If the pubic inflammation has been cured well, a one-time follow-up examination is sufficient. The doctor must clarify whether the patient still has symptoms. Prescribed medications must be gradually discontinued after recovery. Depending on whether anti-inflammatories or stronger drugs were prescribed, tapering off must be monitored by a doctor. After cryotherapy or electrotherapy, psychological care can sometimes be useful for the patient.
The doctor will usually recommend a break from exercise. After an inflammation of the pubic bone, intensive physical exercise should be avoided for at least one to two weeks. After an operation, follow-up care takes place in the hospital. If curettage has been used, the surgical wound must be carefully observed.
Competitive athletes need intensive follow-up care after an inflammation of the pubic bone. Otherwise, the symptoms can reoccur and significantly limit performance. On the one hand, repeated illnesses can be avoided by early therapy. On the other hand, comprehensive aftercare is necessary.
The orthopedist or the general practitioner takes care of aftercare for pubic bone inflammation. In the case of intense pain that radiates into the lower abdomen and pelvic floor, further treatment by a pain therapist is usually necessary. If necessary, the physiotherapist is also involved in the aftercare.
You can do that yourself
The pubic symphysis is a neuralgic point of the human body, something that competitive athletes in particular have to notice regularly. Inflammation of the pubic bone or the pubic symphysis results almost exclusively from continued overload. The best self-help measure is therefore not to constantly overtax the body, but to adapt the training to your own condition and physical capabilities. In particular, short, fast movements, hitting hooks or sprints with abrupt stops put excessive strain on the pubic bone. If such behavior cannot be avoided, which is likely to be the case only with professional athletes, countermeasures must be taken on a regular basis.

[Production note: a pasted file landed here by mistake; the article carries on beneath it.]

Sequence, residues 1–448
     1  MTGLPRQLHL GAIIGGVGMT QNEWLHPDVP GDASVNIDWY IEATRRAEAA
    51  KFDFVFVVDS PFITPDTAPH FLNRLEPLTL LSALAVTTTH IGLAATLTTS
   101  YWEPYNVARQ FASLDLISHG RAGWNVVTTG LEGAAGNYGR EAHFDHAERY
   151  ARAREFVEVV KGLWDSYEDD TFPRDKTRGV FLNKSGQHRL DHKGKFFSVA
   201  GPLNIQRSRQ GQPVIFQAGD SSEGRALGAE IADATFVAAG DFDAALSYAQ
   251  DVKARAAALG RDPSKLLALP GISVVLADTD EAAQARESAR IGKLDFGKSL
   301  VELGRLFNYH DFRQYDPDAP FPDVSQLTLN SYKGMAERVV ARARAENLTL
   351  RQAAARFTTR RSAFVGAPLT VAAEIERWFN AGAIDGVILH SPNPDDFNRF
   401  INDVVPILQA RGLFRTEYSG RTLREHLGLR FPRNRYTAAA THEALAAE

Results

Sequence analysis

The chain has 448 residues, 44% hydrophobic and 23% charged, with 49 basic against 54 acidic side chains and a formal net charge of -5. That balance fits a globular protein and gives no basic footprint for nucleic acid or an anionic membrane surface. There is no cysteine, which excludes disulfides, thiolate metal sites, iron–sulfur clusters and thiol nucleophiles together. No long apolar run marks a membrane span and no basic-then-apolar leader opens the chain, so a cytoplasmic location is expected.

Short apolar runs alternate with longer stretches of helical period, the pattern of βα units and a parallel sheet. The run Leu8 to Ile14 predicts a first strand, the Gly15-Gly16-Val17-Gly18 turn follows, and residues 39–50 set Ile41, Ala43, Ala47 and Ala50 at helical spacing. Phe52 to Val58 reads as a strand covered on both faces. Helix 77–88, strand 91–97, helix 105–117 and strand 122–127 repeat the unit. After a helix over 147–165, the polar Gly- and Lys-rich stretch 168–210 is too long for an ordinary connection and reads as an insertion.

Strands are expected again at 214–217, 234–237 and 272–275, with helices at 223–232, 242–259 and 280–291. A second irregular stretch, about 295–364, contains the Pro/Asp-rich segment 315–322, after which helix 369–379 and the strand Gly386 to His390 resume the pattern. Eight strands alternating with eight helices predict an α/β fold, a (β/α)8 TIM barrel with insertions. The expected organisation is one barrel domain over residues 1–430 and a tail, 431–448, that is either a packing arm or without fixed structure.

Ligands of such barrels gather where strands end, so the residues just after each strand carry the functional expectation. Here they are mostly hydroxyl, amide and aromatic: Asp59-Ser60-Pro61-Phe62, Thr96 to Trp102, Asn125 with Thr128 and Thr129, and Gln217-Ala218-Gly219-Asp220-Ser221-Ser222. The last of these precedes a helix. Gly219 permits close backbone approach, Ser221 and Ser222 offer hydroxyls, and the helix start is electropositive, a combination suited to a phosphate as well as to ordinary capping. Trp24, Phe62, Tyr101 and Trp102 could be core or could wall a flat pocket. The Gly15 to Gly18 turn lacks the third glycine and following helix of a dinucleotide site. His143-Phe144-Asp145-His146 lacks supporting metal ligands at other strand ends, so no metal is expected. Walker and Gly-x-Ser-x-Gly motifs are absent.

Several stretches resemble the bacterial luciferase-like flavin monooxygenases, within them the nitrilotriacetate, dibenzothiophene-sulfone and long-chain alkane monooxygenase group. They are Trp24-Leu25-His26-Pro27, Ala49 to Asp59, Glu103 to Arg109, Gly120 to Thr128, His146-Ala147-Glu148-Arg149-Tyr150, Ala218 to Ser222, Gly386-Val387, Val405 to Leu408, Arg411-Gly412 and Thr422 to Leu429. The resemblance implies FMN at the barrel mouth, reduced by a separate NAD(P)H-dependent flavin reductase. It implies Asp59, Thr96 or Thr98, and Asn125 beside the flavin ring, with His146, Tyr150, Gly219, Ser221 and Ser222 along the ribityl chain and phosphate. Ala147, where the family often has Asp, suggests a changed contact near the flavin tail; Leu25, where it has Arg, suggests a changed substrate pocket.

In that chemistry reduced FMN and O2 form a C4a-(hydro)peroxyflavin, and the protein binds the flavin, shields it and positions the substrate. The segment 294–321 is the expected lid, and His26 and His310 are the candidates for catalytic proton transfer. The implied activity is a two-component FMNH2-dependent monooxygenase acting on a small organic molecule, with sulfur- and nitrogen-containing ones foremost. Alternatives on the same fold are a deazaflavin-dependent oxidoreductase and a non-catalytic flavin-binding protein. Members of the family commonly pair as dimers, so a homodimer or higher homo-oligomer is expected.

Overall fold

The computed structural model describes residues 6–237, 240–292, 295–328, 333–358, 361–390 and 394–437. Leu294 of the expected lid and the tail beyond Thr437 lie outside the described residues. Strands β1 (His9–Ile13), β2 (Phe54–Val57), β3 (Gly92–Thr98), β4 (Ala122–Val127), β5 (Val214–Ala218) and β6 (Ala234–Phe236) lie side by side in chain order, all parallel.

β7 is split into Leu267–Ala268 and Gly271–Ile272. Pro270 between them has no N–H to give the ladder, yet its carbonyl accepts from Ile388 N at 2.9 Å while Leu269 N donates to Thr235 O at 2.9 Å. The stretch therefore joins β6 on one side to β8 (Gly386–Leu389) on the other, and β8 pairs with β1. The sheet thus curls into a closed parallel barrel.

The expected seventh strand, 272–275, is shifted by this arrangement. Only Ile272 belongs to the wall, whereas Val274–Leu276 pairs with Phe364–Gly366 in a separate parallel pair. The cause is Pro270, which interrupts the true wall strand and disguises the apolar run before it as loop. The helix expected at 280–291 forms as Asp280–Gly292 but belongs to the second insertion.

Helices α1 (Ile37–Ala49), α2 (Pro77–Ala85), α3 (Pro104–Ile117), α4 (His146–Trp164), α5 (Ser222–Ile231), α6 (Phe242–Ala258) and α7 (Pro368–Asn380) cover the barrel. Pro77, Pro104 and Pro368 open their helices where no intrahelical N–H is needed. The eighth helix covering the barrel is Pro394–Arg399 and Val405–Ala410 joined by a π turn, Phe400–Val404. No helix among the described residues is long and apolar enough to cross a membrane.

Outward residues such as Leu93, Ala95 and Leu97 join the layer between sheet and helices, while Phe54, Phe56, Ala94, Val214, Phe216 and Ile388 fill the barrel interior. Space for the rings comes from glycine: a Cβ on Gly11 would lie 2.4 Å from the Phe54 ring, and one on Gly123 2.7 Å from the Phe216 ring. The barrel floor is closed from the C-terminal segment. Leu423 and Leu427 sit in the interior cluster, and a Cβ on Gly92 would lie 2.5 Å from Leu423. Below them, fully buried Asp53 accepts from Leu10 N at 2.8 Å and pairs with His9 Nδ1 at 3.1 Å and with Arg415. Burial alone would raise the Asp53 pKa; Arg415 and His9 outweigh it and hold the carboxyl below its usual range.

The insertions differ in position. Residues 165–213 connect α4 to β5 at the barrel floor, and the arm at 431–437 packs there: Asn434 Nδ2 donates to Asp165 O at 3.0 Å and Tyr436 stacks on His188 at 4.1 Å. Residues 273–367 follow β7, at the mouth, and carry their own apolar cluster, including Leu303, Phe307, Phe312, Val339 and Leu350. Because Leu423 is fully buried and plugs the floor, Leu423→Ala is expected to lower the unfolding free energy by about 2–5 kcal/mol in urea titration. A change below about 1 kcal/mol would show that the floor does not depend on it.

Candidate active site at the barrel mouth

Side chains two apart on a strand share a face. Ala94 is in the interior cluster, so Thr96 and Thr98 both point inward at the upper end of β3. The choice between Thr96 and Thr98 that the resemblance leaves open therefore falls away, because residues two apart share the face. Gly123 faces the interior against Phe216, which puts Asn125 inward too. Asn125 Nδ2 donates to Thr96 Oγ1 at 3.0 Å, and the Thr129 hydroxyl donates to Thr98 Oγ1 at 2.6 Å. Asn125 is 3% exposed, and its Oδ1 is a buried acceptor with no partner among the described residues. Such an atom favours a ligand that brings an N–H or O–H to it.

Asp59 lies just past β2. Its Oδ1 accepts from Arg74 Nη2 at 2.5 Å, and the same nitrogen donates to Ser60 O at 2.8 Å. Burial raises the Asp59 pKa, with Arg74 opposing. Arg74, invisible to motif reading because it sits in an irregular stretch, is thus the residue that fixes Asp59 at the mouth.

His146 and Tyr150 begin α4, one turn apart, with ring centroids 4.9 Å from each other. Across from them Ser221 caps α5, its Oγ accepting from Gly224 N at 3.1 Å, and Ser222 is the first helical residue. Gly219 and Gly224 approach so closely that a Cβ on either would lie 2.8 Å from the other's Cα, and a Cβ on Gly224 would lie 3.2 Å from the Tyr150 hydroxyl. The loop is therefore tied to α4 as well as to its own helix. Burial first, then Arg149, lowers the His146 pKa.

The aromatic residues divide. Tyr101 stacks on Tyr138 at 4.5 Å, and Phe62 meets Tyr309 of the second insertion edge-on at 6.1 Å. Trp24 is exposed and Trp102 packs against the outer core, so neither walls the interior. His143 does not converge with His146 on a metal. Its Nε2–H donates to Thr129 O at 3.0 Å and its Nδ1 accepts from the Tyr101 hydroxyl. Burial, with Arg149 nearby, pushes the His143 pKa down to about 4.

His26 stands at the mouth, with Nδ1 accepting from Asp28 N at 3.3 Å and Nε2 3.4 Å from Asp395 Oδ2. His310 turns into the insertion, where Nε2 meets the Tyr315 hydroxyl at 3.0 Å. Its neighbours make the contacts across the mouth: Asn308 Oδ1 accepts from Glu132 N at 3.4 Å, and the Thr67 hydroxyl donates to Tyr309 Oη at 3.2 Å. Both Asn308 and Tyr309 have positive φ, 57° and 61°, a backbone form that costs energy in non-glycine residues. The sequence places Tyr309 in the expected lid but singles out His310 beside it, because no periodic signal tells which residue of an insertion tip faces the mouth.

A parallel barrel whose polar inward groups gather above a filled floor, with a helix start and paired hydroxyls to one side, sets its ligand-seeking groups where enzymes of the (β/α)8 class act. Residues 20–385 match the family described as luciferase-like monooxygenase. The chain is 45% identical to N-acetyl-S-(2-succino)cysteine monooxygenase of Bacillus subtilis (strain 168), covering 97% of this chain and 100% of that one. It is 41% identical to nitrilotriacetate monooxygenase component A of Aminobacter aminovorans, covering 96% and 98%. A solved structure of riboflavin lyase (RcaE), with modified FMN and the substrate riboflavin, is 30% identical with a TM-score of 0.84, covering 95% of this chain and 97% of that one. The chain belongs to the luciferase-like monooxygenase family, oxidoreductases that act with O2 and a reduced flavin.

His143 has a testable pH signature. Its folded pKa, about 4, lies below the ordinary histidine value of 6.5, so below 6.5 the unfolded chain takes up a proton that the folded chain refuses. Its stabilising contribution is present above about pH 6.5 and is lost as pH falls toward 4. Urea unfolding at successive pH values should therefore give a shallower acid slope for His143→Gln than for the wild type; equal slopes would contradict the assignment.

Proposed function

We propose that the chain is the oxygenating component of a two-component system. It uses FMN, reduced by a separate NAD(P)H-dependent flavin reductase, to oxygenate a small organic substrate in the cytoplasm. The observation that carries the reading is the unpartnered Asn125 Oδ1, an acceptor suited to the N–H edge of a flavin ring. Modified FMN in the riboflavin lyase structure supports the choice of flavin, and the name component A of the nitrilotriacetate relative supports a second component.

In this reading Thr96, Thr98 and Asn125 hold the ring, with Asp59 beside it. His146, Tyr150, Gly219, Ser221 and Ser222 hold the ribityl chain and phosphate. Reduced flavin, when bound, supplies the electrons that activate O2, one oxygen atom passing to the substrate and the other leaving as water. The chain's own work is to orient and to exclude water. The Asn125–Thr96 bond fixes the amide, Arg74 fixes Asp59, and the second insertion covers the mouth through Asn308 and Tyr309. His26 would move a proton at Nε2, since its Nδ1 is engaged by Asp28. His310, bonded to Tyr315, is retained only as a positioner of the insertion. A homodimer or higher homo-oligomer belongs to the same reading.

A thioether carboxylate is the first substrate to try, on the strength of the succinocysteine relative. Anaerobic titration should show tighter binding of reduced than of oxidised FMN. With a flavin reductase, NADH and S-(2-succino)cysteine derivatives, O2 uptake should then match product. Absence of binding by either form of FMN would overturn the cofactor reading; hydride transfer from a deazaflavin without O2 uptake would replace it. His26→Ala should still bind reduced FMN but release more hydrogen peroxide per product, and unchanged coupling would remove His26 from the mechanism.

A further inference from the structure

Physiotherapeutic measures can help to strengthen and relieve the stressed body region. Very often, however, it is necessary for those affected to maintain a longer rest phase in which they do no or only light endurance sports. Anyone who lifts heavy work may have to take a long break or pursue another activity. Those affected should definitely follow the instructions of their treating doctor, otherwise pubic bone infections can be very stubborn or even become chronic. The pain associated with the inflammation can usually be treated well with over-the-counter anti-inflammatories such as ibuprofen.